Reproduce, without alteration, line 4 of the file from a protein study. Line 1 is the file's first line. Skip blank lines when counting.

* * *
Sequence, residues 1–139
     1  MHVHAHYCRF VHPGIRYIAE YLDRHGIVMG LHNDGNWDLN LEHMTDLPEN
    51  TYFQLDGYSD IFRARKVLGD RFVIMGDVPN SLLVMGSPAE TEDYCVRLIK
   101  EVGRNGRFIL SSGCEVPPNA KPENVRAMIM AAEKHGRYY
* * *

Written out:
   101  EVGRNGRFIL SSGCEVPPNA KPENVRAMIM AAEKHGRYY